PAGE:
As a result of occupational exposures to industrial solvents, many railroad workers are at an elevated risk of cancer, neurological disorders, and other long-term illnesses.

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    Which Railroad Solvents are Dangerous?

    Just about every industrial solvent is somewhat hazardous. However, some types of solvents are more dangerous than others. Many petroleum solvents and chlorinated solvents are particularly dangerous. The railroads have relied upon both types.

    Can Solvent Exposure Cause Cancer?

    Yes. Exposure to certain industrial solvents can cause cancer. If you or a loved one has been exposed to industrial solvents and have been diagnosed with one of the following illnesses you may be eligible for compensation.

    Can Solvent Exposure Cause Neurological Disorders?

    Yes. Exposure to certain chlorinated solvents can cause permanent brain damage and may lead to neurological disorders. If you or a loved one has been exposed to industrial solvents and have been diagnosed with one of the following you may be eligible for compensation.


    Can Solvent Exposure Cause Cancer?

    Yes. Exposure to certain industrial solvents can cause cancer. If you or a loved one has been exposed to industrial solvents and have been diagnosed with one of the following illnesses you may be eligible for compensation.

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    Which Railroad Workers Have Endured Dangerous Solvent Exposures?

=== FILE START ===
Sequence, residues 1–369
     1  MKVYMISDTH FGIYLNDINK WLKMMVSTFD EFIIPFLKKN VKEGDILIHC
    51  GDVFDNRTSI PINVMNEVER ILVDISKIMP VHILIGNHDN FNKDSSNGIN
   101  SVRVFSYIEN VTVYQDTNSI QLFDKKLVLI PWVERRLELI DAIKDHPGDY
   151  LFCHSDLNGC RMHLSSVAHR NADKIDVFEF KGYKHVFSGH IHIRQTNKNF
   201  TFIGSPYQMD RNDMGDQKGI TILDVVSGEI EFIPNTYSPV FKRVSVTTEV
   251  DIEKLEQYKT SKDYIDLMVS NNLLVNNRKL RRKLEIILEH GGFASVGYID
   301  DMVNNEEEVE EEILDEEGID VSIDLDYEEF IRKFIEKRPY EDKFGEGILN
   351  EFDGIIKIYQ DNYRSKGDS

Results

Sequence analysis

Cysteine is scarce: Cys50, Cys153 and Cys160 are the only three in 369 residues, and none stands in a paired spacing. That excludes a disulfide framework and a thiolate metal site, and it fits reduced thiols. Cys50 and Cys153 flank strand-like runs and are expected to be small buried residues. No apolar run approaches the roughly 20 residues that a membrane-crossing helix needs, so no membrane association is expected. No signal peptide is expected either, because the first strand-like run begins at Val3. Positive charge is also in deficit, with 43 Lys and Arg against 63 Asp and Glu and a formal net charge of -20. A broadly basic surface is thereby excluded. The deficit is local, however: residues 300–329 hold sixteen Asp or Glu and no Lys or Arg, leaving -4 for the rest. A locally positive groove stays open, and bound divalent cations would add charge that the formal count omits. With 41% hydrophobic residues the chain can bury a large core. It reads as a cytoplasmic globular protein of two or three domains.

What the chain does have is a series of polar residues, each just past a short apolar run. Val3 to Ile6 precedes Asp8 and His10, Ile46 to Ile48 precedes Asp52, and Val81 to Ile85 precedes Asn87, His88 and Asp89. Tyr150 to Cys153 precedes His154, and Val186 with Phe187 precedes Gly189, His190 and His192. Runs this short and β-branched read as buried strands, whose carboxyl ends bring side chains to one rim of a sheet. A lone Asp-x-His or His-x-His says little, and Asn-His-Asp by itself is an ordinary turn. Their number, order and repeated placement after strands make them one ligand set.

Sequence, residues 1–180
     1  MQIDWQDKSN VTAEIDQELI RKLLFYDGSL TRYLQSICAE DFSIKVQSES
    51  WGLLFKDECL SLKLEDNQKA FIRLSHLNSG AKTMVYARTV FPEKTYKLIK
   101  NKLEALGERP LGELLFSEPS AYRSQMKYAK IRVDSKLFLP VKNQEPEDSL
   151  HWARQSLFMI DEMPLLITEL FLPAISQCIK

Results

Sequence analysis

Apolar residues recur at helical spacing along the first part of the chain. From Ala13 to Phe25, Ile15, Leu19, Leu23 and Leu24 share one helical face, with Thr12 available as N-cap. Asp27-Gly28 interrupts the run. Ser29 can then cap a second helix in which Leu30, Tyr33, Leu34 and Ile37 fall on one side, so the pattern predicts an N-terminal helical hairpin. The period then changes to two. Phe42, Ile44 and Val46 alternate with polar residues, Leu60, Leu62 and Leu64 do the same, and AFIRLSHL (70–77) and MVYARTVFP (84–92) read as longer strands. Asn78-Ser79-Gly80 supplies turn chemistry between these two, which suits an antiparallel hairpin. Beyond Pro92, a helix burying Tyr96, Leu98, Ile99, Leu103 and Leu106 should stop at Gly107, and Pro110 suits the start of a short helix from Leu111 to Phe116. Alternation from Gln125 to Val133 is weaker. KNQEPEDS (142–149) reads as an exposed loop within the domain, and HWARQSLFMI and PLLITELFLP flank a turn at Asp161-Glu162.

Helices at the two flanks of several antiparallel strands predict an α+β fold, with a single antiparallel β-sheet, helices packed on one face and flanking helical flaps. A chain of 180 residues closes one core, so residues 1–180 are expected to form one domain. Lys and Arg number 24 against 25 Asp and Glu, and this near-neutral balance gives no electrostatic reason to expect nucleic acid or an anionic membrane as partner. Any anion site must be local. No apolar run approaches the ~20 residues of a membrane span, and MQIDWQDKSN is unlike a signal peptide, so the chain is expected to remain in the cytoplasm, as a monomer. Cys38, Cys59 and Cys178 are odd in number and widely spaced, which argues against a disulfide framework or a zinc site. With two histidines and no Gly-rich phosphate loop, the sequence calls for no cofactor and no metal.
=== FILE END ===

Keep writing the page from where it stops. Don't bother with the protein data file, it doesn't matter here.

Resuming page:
Shop workers and car department employees have historically suffered some of the worst exposures. Crafts such as locomotive machinists used vast quantities of solvents to cut through the grime and grease that accumulated on railroad locomotives and equipment. The railroad employees who were made to use these potent chemicals often worked in poorly ventilated environments without even the most basic protective equipment. To make matters worse, the railroads assured their workers that any effects from the solvents – like dizziness or tingling hands – were temporary, and that the solvents were harmless. As a result, railroad workers did not try to limit their exposures. Many shop workers actually used these solvents to wash their hands and work clothes.


    When did the Railroads Know Solvent Exposure was Harming Workers?

    Internal railroad documents produced during litigation have revealed that the railroads were aware as early as the 1950s that solvents could harm workers and that respirators and gloves should be used when working with solvents.

    Are Railroad Workers Still at Risk for Dangerous Solvent Exposure Today?

    Chlorinated solvents have been largely phased out of use, but petroleum solvents are still widely used throughout the industry. Today, the benzene content in most petroleum solvents has been greatly reduced. However, there is no safe level of benzene exposure. Chronic exposure to trace quantities of benzene may amount to dangerous levels over time.